DAUK welcomes the publication of the Joint Committee on Draft Health Service Safety Investigations Bill (HSSIB) report and are pleased that the report agrees with our written submission that the provision for the HSSIB to accredit NHS trusts to do their own ‘safe space’ investigations is an enormous conflict of interest.
Learn Not Blame is DAUK’s exciting new campaign, which will be launched over the coming months. We aim to empower individual doctors to be part of a transformational change process working towards a revolution in the culture of the NHS. The campaign has been born out of a growing awareness amongst clinicians of how a toxic mix of defensiveness and concern for reputation management above all else can lead to blame-seeking culture. This is bad for doctors and worse still for patient safety.
Today The Doctors' Association UK submitted written evidence to the Draft Health Service Safety Investigations Bill inquiry. The Bill will see the the current HSIB, under NHS Improvement, become an independent body.
In the submission DAUK welcomes "the creation of an independent body to investigate serious incidents in healthcare" and "the development of a culture that focuses on systemic learning from errors, rather than attributing individual blame".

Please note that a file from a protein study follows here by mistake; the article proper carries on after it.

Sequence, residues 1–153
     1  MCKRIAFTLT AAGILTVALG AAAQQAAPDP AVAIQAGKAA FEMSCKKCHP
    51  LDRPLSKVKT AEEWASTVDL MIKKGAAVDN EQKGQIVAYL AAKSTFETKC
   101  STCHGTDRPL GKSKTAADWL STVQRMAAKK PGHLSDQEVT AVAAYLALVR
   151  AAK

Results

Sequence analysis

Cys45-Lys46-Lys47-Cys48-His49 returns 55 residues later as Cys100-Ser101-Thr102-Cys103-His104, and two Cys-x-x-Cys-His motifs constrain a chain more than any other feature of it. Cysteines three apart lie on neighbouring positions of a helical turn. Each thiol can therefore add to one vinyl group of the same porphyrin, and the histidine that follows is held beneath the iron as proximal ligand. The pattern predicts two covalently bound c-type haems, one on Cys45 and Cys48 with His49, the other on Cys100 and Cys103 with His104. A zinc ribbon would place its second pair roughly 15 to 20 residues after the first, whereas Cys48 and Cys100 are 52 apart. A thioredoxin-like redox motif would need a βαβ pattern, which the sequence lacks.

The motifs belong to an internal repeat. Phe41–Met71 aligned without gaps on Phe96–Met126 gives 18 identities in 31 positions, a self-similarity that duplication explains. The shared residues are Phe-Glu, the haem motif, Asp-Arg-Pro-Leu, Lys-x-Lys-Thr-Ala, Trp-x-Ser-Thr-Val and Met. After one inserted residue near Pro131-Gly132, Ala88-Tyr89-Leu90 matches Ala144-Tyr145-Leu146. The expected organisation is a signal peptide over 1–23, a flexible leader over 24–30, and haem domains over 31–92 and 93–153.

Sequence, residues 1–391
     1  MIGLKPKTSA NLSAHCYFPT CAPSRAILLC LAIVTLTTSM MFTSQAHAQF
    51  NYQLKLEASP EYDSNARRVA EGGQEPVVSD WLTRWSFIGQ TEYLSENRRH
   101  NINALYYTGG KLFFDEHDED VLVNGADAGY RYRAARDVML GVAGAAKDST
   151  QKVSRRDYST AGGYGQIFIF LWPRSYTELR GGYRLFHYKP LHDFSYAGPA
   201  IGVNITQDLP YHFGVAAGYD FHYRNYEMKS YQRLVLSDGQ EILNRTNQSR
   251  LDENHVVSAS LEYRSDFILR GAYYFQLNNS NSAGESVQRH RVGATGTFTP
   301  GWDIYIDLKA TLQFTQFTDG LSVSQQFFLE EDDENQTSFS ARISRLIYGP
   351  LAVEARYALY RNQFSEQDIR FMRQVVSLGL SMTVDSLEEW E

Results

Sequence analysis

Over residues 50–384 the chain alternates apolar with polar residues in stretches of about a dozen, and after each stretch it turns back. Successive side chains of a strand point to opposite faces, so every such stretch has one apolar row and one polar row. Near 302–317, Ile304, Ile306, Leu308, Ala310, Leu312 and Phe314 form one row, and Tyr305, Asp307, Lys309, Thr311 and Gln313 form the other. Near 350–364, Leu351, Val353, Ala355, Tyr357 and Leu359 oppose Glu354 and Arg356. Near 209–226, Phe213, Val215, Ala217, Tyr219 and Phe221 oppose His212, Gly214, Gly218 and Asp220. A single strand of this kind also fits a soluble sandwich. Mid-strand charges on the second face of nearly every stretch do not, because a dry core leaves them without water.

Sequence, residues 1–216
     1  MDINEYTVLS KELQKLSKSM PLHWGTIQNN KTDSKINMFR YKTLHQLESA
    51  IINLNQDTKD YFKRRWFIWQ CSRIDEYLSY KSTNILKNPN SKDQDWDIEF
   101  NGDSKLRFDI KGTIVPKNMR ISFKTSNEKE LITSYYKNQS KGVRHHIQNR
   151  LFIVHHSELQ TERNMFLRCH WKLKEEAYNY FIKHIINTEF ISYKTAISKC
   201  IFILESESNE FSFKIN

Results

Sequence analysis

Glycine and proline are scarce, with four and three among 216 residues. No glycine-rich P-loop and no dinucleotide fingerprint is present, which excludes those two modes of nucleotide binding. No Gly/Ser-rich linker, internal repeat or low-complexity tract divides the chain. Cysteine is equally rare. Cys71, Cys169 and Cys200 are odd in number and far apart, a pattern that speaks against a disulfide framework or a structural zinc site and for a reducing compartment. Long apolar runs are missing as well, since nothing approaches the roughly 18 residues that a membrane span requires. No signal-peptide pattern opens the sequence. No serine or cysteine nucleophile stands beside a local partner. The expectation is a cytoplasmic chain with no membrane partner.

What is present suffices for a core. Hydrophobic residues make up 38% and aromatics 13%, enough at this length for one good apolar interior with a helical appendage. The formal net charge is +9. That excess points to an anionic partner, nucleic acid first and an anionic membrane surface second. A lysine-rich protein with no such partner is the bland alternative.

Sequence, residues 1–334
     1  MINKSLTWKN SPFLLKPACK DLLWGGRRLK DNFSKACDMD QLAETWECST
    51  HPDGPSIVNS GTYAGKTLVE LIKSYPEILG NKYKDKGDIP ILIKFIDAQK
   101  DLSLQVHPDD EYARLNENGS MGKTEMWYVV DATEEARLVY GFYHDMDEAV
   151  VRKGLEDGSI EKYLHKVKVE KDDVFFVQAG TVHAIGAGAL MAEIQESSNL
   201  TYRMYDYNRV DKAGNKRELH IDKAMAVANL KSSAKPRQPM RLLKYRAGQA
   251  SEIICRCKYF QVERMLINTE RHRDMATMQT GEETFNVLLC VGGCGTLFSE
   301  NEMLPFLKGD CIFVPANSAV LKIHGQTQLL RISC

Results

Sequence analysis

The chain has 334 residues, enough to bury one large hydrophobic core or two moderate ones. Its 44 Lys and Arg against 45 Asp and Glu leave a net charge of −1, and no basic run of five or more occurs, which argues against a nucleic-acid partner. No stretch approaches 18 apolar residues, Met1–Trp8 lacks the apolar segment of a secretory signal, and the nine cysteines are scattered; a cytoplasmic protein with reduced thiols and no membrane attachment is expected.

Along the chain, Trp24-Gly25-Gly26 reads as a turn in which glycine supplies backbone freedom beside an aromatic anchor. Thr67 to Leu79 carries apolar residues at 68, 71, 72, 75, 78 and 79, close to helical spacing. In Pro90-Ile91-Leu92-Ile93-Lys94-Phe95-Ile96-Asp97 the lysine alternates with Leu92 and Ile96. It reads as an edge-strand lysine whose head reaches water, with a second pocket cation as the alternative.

However, DAUK expresses concern regarding the following areas:
- the power that the Bill grants to the Secretary of State for Health to appoint Chair of HSSIB, remove non-executive board members and veto the Chief Investigator.
- the process by which HSSIB will be able to accredit Trusts to carry our their own "safe space" investigations which DAUK describes as an "obvious, and enormous conflict of interest" in allowing Trusts to investigate themselves.
- prohibitions on protected disclosure; in the context of the case of Dr Bawa-Garba of and of Dr Chris Day, there must be confidence in the "safe space" to allow staff to speak freely.
- the fines of up to £20,000 for not submitting evidence to HSSIB on time. DAUK questions this and propose that fines be used to fund Human Factors training for healthcare professionals
- the Bill only applies to NHS-commissioned services. DAUK feels that the private sector should be subject to the same rigorous and independent investigative processes.
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